This is an AugustaWestland Grand helicopter. (AugustaWestland image)

FAA Issues Final Rule on Helicopter Safety

The rule, which applies to helicopters and air ambulance companies, requires stricter procedures on all fronts. It fulfills some NTSB recommendations.

The Federal Aviation Administration has published its final rule calling for stricter helicopter safety procedures, a rule that fulfills some NTSB recommendations to the DOT agency; addressing the unique characteristics of helicopter operations is on the NTSB's Most Wanted List. The new rule requires helicopter operators -- including those who operate air ambulances -- to have stricter flight rules, stricter procedures, better communications, improved training, and additional on-board safety equipment.

According to the FAA, this rule "represents the most significant improvements to helicopter safety in decades and responds to government's and industry's concern over continued risk in helicopter operations." It addresses flying procedures in bad weather; helicopter operators are required to implement enhanced procedures for flying in inclement weather within the next 60 days. They also will have to use enhanced procedures for flying at night or when landing in remote locations. Helicopter air ambulances will have to incorporate the latest on-board technology and equipment within the next three years and, within four years, they must be equipped with flight data monitoring systems.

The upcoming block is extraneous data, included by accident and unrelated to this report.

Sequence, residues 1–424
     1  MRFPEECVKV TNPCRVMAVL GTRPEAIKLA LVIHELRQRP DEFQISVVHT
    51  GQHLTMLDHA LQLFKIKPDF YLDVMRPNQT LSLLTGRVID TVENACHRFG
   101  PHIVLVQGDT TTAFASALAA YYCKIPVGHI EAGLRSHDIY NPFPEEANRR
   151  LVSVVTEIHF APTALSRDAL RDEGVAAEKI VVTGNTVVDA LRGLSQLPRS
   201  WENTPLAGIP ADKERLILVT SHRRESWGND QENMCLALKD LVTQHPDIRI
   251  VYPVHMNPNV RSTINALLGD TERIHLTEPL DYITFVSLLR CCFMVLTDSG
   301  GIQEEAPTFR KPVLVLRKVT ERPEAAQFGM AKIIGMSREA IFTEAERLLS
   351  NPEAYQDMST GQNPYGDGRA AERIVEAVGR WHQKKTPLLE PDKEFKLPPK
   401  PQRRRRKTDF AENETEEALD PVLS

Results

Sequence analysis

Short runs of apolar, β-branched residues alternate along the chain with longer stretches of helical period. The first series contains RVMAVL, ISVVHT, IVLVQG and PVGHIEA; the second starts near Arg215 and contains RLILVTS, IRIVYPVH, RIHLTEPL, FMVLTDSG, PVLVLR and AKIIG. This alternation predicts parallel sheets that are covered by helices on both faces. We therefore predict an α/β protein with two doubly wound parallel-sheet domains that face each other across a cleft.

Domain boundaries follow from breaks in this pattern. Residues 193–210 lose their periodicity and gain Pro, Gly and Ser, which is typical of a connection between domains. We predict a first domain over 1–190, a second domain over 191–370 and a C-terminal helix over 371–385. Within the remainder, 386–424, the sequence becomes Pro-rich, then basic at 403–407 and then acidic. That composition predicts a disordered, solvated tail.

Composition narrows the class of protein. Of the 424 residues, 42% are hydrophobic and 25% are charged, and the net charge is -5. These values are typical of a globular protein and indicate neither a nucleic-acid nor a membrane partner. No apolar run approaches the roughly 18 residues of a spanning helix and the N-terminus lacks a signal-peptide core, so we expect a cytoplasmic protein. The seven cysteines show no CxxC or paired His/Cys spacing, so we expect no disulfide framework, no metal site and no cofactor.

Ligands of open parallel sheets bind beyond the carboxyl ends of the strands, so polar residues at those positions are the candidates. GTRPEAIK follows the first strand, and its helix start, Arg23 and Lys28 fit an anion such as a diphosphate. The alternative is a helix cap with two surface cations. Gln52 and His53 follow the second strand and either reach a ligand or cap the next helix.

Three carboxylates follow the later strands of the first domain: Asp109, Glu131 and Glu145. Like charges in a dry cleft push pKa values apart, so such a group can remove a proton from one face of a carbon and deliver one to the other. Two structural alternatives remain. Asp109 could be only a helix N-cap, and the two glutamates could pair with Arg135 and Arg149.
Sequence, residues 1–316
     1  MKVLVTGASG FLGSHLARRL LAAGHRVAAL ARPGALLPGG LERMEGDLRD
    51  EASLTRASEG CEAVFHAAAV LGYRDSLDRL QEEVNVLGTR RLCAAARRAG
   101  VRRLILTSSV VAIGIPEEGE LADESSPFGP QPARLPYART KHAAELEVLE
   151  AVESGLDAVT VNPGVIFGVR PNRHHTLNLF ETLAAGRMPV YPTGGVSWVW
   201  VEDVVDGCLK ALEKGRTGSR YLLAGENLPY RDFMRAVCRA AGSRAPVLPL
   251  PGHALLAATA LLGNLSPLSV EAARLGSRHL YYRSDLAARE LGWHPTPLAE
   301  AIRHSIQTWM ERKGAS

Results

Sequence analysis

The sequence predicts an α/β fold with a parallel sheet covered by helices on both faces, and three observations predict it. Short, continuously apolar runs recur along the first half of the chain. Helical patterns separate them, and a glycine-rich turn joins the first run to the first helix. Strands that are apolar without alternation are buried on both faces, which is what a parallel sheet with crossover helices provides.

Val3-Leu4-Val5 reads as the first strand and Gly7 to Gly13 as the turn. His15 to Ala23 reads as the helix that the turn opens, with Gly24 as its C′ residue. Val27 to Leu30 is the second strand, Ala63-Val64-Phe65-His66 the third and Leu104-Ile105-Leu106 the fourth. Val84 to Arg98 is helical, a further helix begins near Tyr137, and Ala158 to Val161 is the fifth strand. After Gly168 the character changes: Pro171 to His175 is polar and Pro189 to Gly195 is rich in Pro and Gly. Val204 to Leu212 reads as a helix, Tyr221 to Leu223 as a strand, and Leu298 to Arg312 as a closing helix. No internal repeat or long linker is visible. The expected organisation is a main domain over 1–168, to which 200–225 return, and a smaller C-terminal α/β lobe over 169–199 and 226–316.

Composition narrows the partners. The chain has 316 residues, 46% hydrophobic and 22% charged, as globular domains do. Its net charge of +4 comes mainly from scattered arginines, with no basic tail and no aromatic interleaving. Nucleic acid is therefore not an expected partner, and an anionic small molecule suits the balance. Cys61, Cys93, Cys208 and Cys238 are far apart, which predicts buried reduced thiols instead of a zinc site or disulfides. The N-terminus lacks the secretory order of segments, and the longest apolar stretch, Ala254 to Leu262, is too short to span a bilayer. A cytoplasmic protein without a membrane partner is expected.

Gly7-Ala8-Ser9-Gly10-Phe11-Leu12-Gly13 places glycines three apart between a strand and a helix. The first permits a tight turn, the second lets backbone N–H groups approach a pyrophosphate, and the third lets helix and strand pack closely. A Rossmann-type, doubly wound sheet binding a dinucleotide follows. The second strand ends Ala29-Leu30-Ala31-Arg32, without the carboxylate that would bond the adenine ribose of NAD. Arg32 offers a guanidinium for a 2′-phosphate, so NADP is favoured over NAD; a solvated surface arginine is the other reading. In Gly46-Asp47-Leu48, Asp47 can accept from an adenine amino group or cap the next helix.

Part 135 helicopter operators are required by the new rule to equip their helicopters with radio altimeters, use higher weather minimums when choosing an alternative airport, and more. Air ambulance companies will have to institute pre-flight risk analysis programs and ensure their pilots hold an instrument rating.

Christopher Hart, NTSB's vice chairman, and senior air safety investigators from the agency will participate in the Helicopter Association International's Heli-Expo 2014 on Feb. 24 at the Anaheim Convention Center in Anaheim, Calif. The investigators are scheduled to hold a training session about lessons that have been learned from recent helicopter accident investigations and will present case studies that emphasize NTSB safety recommendations on helicopter maintenance, flight simulators, and flight recorders. The case studies will be followed by industry-led panel discussions on best practices, with Hart presenting opening remarks for the session. These are part of the event's Rotor Safety Challenge, which includes 44 presentations Feb. 24-26.

On Feb. 25, NTSB issued two related Safety Alerts -- Safety Through Helicopter Simulators (SA-031) and Helicopter Safety Starts in the Hangar (SA-032) -- along with two videos produced in conjunction with Helicopter Association International. The videos feature NTSB investigators sharing their perspectives about the lessons learned from helicopter accident investigations.

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